Occupational Hazard, 3 of 4

by Joe Fitzgerald


In “A Pirate Looks at Forty” Jimmy Buffett describes the dilemma of one for whom the cannon doesn’t thunder: “My occupational hazard being my occupation’s just not around.” He could be describing journalists as well.

Journalism and piracy aren’t the only occupations disappearing, of course. The Chronicle of Higher Education and other pricey academic newsletters report regularly that universities are turning out more English and history doctorates than there are jobs to accommodate them. The magazine isn’t as worried about the loss of journalism jobs, possibly because journalists aren’t their audience. A site search of The Chronicle turns up 59 mentions of “journalism major,” mostly in job listings, and 268 mentions of “English major,” including this one:

Becoming an English major means pursuing the most important subject of all — being a human being. We’re sorry. Something went wrong.

I’m allowing for the possibility the search engine’s comments may be involved in that response. Still, something has gone wrong. The Daily News-Record is running stories about the Warren County sheriff to fill space with seemingly local stories. Six Virginia dailies will soon publish only three days a week, and by mail. The kid that started out delivering papers and wound up as a reporter will have to go back to the lemonade stand for spending money.

The disappearance of the jobs is only part of the stories. The other half of the problem is the remaining jobs being wasted. The ADF lawsuit against the city schools is a good example. All due respect to the plaintiffs’ toxic mix of umbrage and self-pity, it’s a BS story. A religious group with too much money is peppering local school systems with legalistic jeremiads to force the group’s views on their neighbors, but it’s being treated as a legitimate legal effort to defend the rights of the aggrieved. Granted, it’s supposed to be treated that way so long as it’s happening in a room where technology is banned and the man in charge wears a dress and waves a hammer, but I have to wonder about the overkill in covering it.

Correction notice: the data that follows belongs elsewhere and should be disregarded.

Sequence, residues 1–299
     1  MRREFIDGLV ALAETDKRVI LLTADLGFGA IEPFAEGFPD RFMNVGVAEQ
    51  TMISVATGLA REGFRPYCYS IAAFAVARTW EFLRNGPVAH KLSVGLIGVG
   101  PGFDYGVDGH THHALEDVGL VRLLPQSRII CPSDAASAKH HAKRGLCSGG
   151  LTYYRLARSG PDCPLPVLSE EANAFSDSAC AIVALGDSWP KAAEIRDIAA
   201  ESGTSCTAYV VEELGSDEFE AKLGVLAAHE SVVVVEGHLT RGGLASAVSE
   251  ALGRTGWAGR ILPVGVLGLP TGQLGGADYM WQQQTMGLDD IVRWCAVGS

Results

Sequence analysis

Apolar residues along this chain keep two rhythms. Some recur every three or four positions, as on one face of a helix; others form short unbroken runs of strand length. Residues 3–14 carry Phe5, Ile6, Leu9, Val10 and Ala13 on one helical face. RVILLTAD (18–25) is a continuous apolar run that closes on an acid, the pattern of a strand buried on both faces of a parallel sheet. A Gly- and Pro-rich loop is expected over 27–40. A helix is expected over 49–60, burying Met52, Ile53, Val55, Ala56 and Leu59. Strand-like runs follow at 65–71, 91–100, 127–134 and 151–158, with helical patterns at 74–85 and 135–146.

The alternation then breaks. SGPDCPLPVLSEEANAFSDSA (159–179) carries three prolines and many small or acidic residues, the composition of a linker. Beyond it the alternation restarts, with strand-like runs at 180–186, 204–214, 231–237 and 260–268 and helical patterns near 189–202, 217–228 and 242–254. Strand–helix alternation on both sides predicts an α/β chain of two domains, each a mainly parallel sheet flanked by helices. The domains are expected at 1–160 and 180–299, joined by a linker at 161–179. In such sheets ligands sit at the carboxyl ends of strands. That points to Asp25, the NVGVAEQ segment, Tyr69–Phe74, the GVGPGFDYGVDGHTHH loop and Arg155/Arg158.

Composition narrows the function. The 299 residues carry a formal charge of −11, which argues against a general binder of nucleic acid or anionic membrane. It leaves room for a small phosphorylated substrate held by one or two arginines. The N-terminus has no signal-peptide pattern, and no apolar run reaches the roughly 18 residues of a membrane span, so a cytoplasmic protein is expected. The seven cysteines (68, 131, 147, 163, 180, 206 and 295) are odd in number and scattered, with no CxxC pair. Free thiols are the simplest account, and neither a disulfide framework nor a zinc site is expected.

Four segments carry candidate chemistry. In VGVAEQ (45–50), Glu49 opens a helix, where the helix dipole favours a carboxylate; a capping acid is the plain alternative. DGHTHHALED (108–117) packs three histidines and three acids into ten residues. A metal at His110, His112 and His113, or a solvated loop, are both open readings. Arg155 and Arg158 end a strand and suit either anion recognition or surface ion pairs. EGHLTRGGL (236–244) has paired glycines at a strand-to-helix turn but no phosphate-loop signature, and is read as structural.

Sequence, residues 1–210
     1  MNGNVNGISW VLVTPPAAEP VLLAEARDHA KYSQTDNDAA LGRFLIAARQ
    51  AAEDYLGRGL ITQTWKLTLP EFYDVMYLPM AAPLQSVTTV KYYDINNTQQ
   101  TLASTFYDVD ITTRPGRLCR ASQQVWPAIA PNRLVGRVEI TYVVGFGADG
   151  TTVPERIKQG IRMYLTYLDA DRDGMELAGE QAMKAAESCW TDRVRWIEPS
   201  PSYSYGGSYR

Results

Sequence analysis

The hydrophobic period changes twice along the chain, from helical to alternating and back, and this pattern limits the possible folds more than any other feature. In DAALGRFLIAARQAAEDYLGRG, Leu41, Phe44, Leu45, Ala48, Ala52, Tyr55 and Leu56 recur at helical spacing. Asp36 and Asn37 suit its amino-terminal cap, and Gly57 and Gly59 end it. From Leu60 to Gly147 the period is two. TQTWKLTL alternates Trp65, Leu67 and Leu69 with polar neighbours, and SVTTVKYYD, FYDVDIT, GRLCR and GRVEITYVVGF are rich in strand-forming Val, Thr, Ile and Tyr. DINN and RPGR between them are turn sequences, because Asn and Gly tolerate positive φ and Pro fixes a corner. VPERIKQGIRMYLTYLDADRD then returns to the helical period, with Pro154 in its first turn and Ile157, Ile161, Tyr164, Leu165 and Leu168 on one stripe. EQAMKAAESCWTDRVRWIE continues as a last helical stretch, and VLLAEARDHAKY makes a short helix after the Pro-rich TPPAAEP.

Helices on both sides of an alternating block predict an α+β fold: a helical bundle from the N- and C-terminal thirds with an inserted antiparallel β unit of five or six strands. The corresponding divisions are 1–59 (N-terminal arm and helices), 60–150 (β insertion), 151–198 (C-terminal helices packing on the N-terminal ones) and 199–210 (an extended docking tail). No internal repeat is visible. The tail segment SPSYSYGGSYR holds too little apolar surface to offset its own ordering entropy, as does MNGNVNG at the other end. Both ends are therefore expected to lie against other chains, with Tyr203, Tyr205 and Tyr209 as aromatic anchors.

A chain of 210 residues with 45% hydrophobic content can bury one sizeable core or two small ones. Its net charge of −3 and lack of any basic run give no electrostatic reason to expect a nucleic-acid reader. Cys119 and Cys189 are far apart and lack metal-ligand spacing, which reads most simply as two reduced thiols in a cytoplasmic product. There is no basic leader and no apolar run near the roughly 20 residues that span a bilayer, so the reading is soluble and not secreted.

The Citizen, The Breeze, The Daily News Record, and WHSV had stories on one of the hearings. Without challenging the importance each placed on the story, there was not enough variety among the stories to warrant the work of at least four people.

First off, that’s three other stories that didn’t get written that day. Second, that would have been a good story for the city’s publicist or someone quite like him to report. The court system, which at least no longer requires wigs, could have provided real-time transcripts with free technology (Google Docs, if you’re wondering), but instead some number of writers with legal pads spent their afternoon listening to legal absurdities. (Asking a teacher to use a student’s preferred pronouns is like ordering the teacher to call a student “comrade,” an attorney argued with a straight face.) But because each hearing and ruling was covered as a daily story and not as part of a trend, there were that many reporters writing that many stories without mentioning that the suit was part of a 40-year effort by the Christian right to dominate, manipulate, and exploit the nation’s courts and legislatures to force their religious views on their neighbors.